A visit to the annual Festival de la Tomate held the second weekend in September at chateau de la Bourdaisiere in the Loire Vallée.
Yesterday I joined a journalists group visiting the tomato fete. Just a short 55-minute TGV train ride from Paris.
This year's fete had a tie-in theme appropriately with Disney's Ratatouille.
Country luxury hotels are, thank goodness, short on the Marie-Antoinette syndrome that's taken over too many Paris hotels. The chateau particularly has a feeling of a cabinet of curiosities - very intriguing.
The owner of the chateau, Prince Louis Albert de Broglie informally joined us to explain the details of his great endeavor - preserving over 640 heritage tomatoes and developing biodiversity farms that can feed up to 50 families.
We set off to see the property, visiting farms and cultivation plots, the Prince leading the way and proudly explaining the progress they've made. The gardens were designated a national tomato conservatory in 1998.
Purveyors displayed the many varieties.
Not just tomatoes are cultivated at the chateau, but more than 240 varieties of rare Dahlias are grown by resident expert, Mme. Martine de Roquefeuil/a>.
The main plat was roti de porc au Romarin and of course Ratatouille, that famous Provençal stew of summer vegetables, plus a savory tomato flan and tomato bread.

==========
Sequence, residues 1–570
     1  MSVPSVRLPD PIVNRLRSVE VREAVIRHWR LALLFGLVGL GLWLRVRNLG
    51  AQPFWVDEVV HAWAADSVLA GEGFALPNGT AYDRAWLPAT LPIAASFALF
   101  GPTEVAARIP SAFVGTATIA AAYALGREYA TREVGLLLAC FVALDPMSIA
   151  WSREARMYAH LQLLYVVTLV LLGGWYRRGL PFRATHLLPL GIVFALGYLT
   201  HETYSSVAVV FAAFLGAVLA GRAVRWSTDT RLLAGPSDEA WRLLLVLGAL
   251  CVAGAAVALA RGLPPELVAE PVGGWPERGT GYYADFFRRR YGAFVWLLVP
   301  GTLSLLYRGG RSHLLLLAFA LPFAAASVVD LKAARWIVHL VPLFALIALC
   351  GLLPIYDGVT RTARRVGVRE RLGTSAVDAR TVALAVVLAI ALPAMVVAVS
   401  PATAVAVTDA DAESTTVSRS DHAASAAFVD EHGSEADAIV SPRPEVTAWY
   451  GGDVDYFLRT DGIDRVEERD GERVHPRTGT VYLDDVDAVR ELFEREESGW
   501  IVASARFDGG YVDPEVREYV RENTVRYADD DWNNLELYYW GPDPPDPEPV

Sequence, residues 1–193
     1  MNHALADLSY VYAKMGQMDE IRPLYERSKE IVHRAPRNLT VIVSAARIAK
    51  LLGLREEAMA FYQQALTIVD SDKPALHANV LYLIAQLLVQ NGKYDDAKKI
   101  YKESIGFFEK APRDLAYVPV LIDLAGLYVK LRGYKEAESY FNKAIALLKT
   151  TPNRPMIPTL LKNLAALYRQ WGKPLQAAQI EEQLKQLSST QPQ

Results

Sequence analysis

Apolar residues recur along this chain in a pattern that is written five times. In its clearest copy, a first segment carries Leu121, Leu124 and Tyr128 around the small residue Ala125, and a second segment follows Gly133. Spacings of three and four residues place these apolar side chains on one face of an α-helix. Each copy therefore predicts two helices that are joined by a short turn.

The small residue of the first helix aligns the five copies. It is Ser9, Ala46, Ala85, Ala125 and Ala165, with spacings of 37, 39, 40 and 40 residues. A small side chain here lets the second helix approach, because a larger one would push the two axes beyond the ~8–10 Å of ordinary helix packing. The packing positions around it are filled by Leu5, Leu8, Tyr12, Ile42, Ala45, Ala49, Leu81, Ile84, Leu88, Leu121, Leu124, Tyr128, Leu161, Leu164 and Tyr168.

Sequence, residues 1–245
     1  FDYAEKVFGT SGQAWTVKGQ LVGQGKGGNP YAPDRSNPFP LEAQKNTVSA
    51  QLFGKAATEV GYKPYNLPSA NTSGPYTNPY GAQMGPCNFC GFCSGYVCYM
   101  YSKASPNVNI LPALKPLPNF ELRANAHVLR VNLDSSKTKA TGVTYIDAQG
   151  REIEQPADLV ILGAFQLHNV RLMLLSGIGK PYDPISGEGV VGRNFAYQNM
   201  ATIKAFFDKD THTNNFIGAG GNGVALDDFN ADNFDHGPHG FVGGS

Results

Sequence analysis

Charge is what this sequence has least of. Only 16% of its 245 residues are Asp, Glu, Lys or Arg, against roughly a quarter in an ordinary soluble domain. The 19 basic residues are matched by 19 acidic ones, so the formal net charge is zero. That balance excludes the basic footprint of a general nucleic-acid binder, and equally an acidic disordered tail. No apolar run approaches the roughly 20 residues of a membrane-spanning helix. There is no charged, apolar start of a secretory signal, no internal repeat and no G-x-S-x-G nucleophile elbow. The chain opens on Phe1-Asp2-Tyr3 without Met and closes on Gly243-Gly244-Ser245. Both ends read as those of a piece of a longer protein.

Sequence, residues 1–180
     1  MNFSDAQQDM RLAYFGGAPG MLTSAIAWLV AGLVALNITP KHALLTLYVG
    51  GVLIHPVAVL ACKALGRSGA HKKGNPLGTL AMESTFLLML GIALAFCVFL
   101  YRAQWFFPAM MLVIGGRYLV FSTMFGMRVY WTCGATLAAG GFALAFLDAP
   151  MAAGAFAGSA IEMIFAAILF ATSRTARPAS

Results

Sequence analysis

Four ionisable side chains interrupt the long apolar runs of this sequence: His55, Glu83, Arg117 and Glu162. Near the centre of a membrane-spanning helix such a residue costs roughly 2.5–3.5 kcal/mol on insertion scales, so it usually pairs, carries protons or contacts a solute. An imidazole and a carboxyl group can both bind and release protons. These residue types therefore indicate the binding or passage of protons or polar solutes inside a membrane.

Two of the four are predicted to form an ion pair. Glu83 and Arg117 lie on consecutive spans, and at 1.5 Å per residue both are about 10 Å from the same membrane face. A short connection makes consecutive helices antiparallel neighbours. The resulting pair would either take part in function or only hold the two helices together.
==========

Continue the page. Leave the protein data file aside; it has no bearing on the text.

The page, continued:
To follow a fine chevre of the Loire Vallée, St. Maure, served with delicious tomato jam made at the chateau.
Naturally I raced off to buy a jar only to find another jar of tomato jam waiting in our goodie bags at departure. Can one ever have too much tomato jam? Two bottles should keep me going until next September's Festival de la Tomate hopefully.
Naturally I gave him my August Tomato Sketch Letter but I forgot to take a picture of him holding it unfortunately. It's not everyday you get to give a prince your artwork...
There were tents selling wonderful country-made items: pain d'epice, nougats, gardening tools, gardening books, plants, holistic creams for the event. And the chateau has fabulous gift shops with many designs from Le Prince Jardinier, the mark of the chateau, including the Prince's own vest design in Bordeaux velvet.
I regret not picking up a bar or two of his tomato soap. The tomato bath salts looked enticing though to have a bathtub in tiny Paris apartments is a luxury not many can boast of.
The Prince took over Deyrolle on 46, rue du Bac and breathed new life into it. When there was a fire in 2008 he rallyed artists and others to contribute to an auction that rebuilt and repaired the devastating damage. Deyrolle is a must-visit when you come to Paris. A step back in time to a magical world.
The trip to the Festival de la Tomate was magical indeed. I felt all green and ecological afterwards. Bear came along bien sur and plans to return next year. Meanwhile this upcoming weekend is Jours de Patrimoine, so the chateau will be open and free to the public - a truly lovely way to spend a weekend afternoon exploring the gardens and supping on a tomato lunch non?